” … Being in a border city, this editorial page has never been enamored of the idea that the immigration problem can be fixed by building a wall or putting up a fence, and calling it a day. In fact, as has been pointed out by longtime border researcher Wayne Cornelius, formerly of UC San Diego, building walls often has the effect of sealing off immigrant communities and preventing the kind of cross-border migration that allows immigrants to go home. …”
An op-ed by Emily Puhl, a current participant in the Mexican Migration Field Research Program (MMFRP), was published in the Des Moines Register. The op-ed cites MMFRP data to argue that increased border enforcement has not been successful in keeping undocumented immigrants from entering the United States.
CCIS Associate Director David FitzGerald is featured in several CBS 60 Minutes “web extra” interviews. The segments were shot for a report on the All-American Canal.
Illegal Immigration: The Hard Facts
Militarizing the Border
” … But if you successfully frame any policy as part of national security, there will be a greater chance of passing it, said John Skrentny, a sociology professor and director of the Center for Comparative Immigration Studies at the University of California at San Diego.
Such was the case in the late 1950s with the passing of the National Defense Education Act, Skrentny said. For years, people believed the school funding was a local issue and that the federal government should not get involved, even though campuses were struggling, the professor said. That changed when the Soviet Union launched its first satellite ahead of the United States spurring the country to finally pass the act. … ”
” … Political scientist Wayne Cornelius has found that notwithstanding increased border enforcement measures, eventual crossing success rates have remained consistently high (in the 97 percent range from 2005 to 2007), even for unauthorized immigrants who are apprehended by the Border Patrol. However, border enforcement strategies have increased smuggler fees and have pushed migrants to more remote and dangerous crossing routes. … ”
CCIS Associate Director David FitzGerald was consulted for a recent Slate Explainer column about Mexican immigration laws.
” … Just as in 2006, some Democrats are clamoring for immigration reforms, including easing pathways to citizenship, while Republicans are insisting that more security on the border must come first. Policy experts, meanwhile, say the outcome for immigration changes this year will likely be the same as back then: nothing. “I don’t see productive discussions on immigration this year,” said John Skrentny, director of the Center for Comparative Immigration Studies at the University of California, San Diego. … ”
” … A research team led by Wayne Cornelius, Director of the Center for Comparative Immigration Studies at the University of California, San Diego, has found that while unauthorized migrants from Mexico may be caught on their first attempt at crossing the border, they have an almost 100 percent chance of eventual success—particularly if they enlist the services of a coyote, or people smuggler. Moreover, as border enforcement is tightened between ports of entry along the southwest border, more migrants are being smuggled through ports of entry (sealed in a compartment within a vehicle, or as a passenger with false or borrowed documents).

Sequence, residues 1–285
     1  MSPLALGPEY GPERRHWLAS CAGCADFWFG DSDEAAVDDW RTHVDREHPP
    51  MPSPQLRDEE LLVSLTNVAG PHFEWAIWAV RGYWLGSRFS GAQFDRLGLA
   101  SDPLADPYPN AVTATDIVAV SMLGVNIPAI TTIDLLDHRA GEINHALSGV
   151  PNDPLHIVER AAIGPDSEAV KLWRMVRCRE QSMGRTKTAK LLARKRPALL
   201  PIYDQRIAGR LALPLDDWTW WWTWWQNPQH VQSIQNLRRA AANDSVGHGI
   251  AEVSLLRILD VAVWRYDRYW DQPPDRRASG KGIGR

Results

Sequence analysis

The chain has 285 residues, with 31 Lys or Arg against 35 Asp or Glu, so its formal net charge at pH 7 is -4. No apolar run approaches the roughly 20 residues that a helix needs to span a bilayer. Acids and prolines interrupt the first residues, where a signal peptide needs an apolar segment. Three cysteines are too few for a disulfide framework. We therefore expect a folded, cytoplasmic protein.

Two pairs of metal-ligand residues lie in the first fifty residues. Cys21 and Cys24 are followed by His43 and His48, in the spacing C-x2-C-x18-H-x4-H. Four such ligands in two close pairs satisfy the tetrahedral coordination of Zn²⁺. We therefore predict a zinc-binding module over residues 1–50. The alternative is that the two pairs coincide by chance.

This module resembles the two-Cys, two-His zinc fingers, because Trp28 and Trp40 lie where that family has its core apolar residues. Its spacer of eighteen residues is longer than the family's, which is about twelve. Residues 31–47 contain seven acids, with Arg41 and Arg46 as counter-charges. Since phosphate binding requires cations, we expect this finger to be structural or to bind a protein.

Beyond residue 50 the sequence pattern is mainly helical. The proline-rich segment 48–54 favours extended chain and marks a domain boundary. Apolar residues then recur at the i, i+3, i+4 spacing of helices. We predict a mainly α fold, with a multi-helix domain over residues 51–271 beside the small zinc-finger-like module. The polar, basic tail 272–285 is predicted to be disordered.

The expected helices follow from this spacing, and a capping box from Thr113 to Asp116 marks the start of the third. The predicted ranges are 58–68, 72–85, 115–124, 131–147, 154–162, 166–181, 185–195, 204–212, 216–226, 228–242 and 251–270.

Research by Cornelius and his team have also found that undocumented migration from Mexico has diminished mainly because there are fewer jobs available in the United States. …”
UCSD professor emeritus Wayne Cornelius recently presented his survey results, facts and views regarding illegal immigration in the United States at a colloquium for the UCSD Chancellor’s Associates.
He observed that enforcement of existing immigration laws is extremely difficult, if not impossible, due to the conflicting interests of employers. That being the case, the resolution of the problem has to start with congressional action.
Cornelius’ topic for the associates event was “Toward a Smarter and More Just U.S. Immigration Policy: What Mexican Migrants Can Tell Us.”
CCIS Director Emeritus Wayne Cornelius told the Arizona Daily Star:
Calls for the military, which date to the Mexican Revolution, have become politically motivated, knee-jerk overreactions to incidents, said Wayne Cornelius, director emeritus of the Center for Comparative Immigration Studies at University of California-San Diego. It would be best to leave border work to the Border Patrol, he said.
“They are the trained professionals in immigration law enforcement, including tracking and apprehending people-smugglers,” Cornelius wrote in an e-mail. “We should leave it to the professionals.”